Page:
Right to Health in Constitution of India

Right to Health in Constitution of India

Right to Health in Constitution of India

Health is an essential feature for the development of a nation. In India right to health care and protection has been provided since early times of Independence. India has ratified various international conventions promising to secure health care right of individuals in society. The Constitution of India does not recognize the right to health as a fundamental right. However, Article 21 of the Constitution of India guarantees a fundamental right to life & personal liberty. The expression’ life in this article means a life with human dignity & not mere survival or animal existence. Article 21 should be read with Articles 38, 42, 43, & 47 to understand the obligation of the state. It has a much broader meaning which includes the right to livelihood, better standard of life, hygienic condition in workplace & leisure.

Definition of Health:

According to World HEALTH organization, health is a state of complete physical, mental and social wellbeing and not merely the absence of disease.

The definition clearly indicated that condition of life should incorporate physical, mental & social well being & must be devoid of disease & infirmity.

Right to Health and Preamble of Indian Constitution

The Preamble of Indian Constitution adopts a socialistic pattern of society which strives to provide for the welfare state. The concept of democratic socialism aims to improve the condition of health care of the people.


Part IV of the Constitution of India which has DPSP imposed duties on states. The Provisions of DPSP directly or indirectly are related to public health. Articles 38 impose liability on the state that “state secures a social order for the promotion of the welfare of the people”. However, without public health, we cannot achieve it—article 39(e) related to workers to protect their health. Article 41 imposes a duty for public assistance which include health care assistance. Article 42 imposes a duty on the state to protect the health of infant & mother by maternity benefit. Article 47 imposes a duty on the state to raise the level of nutrition & the standard of living of its people as a primary responsibility.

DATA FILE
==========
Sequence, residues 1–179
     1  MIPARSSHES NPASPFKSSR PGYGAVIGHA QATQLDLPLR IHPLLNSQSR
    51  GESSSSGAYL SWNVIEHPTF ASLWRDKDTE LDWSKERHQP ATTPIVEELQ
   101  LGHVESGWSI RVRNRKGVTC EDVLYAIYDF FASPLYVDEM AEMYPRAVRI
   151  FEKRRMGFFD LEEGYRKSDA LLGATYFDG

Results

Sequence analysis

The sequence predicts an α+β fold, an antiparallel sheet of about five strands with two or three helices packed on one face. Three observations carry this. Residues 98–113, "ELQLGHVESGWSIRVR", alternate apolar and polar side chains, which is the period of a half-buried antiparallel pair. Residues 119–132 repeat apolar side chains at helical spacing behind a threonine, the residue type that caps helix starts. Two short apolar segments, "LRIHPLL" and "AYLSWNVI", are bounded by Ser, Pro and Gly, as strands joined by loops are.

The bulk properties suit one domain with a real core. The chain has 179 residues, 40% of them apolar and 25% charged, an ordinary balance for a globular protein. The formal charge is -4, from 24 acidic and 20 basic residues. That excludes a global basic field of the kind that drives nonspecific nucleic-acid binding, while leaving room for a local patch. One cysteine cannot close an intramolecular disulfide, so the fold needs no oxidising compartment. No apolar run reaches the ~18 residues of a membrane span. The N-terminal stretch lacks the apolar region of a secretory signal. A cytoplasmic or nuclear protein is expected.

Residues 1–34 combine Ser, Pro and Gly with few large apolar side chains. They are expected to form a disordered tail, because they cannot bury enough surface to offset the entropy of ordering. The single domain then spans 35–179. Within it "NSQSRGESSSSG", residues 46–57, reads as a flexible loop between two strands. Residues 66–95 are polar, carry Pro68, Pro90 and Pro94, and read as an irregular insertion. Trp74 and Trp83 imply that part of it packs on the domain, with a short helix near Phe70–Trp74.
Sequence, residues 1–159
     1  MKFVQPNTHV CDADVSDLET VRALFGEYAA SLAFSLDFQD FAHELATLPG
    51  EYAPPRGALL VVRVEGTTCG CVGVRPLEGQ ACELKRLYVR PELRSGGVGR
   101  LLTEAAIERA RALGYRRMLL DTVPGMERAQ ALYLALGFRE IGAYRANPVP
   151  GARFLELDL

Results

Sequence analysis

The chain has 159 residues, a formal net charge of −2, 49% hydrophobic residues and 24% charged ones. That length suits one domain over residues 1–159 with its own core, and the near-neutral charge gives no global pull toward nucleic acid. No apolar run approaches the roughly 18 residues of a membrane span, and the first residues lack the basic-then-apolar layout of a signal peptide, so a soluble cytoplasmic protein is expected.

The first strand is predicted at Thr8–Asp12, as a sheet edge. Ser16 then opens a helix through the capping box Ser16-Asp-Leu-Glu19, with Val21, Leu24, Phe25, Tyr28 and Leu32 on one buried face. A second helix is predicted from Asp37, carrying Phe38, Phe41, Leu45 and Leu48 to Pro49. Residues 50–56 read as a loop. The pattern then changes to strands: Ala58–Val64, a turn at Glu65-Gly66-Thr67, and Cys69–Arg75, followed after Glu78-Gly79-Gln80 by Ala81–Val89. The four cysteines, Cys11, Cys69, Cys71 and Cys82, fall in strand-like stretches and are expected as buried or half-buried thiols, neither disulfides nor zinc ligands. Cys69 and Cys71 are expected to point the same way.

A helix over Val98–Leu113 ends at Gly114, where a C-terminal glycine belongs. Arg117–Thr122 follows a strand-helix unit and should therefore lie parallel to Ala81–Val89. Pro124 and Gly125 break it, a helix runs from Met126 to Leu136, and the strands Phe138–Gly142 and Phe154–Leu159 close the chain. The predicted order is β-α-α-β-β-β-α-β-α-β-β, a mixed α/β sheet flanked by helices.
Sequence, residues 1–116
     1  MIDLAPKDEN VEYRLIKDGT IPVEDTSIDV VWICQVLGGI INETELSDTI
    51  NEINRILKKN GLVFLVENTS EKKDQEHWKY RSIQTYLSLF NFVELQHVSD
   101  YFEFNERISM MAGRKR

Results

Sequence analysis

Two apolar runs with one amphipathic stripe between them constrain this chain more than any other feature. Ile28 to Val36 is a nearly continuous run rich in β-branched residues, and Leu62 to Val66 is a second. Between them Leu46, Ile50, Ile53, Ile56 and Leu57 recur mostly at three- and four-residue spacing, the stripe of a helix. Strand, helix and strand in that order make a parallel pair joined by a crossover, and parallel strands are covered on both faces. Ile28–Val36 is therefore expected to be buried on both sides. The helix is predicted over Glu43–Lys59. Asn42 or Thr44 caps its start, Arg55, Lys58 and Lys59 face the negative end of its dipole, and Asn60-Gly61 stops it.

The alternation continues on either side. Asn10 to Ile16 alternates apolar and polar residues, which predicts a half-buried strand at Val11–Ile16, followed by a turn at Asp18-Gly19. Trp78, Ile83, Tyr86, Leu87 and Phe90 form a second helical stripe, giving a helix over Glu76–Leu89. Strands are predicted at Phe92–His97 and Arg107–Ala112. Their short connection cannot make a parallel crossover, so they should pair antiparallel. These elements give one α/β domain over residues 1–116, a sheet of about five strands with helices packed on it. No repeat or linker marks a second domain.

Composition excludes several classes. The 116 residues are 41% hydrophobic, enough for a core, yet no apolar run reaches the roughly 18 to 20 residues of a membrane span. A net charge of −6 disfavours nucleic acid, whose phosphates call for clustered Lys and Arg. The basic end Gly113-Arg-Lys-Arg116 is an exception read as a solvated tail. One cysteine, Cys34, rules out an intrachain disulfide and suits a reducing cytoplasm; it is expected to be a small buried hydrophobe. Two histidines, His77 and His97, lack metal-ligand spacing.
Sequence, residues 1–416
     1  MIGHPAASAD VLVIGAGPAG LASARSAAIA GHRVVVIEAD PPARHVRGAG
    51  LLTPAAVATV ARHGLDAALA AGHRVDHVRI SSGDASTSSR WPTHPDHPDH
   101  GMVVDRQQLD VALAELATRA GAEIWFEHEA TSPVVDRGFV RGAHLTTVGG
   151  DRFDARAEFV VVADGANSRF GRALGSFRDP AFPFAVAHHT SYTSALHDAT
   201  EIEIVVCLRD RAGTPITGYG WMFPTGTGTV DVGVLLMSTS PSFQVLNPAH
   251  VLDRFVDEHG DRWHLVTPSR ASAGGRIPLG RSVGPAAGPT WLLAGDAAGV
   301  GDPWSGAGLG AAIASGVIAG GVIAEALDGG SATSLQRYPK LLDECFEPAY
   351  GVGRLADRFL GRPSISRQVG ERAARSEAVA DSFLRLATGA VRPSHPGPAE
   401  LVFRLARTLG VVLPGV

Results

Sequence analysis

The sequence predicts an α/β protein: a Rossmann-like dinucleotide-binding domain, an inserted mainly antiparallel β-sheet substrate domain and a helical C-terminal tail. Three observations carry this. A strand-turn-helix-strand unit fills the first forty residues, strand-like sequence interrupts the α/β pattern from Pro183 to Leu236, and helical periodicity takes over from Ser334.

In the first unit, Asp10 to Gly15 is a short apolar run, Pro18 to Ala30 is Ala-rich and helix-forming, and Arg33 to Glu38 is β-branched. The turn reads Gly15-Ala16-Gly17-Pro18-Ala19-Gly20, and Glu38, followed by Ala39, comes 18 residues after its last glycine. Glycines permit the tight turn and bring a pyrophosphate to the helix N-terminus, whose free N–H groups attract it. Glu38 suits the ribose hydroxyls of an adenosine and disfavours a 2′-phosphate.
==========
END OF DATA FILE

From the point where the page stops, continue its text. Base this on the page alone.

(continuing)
Panchayat, Municipality and Health:

Not only the state but the Panchayat and Municipalities are also liable to improve e and protect public health. “The legislature of a state may endow the panchayats with necessary power and authority in relation to matters listed in the eleventh schedule.” 4 The entries in this schedule having direct relevance to health are as follows;

l   Safe water for drinking

l   Health and sanitation including hospitals, primary health centres & dispensaries

l   Family welfare

l   Women and child development

l   Social welfare including the welfare of the disabled and mentally retarded

l   Water supply for domestic industrial and commercial purpose

l   Public health, sanitation conservancy and solid waste management

l   Regulation of slaughterhouses and tanneries.



Directive principles are only aims and goals of the state, and no person can claim for non- fulfilling these directions. Article 21 says “no person shall be deprived of his life or personal liberty except according to the procedure established by law”. In numerous judgements honourable Supreme Court has held that right to health & medical care is a fundamental right covered by Article 21. Further, Article 23 is indirectly related to health. Article 23(1) prohibits traffic in human beings as it is known that trafficking of women and children leads to prostitution, which in turn is to a significant factor in the spread of AIDS. Article 24 is related to child labour; it says “no child below the age of 14 years shall be employed to work in any factory or mine or engaged in any other hazardous employment. Thus Article 24 directs the relevance of child health.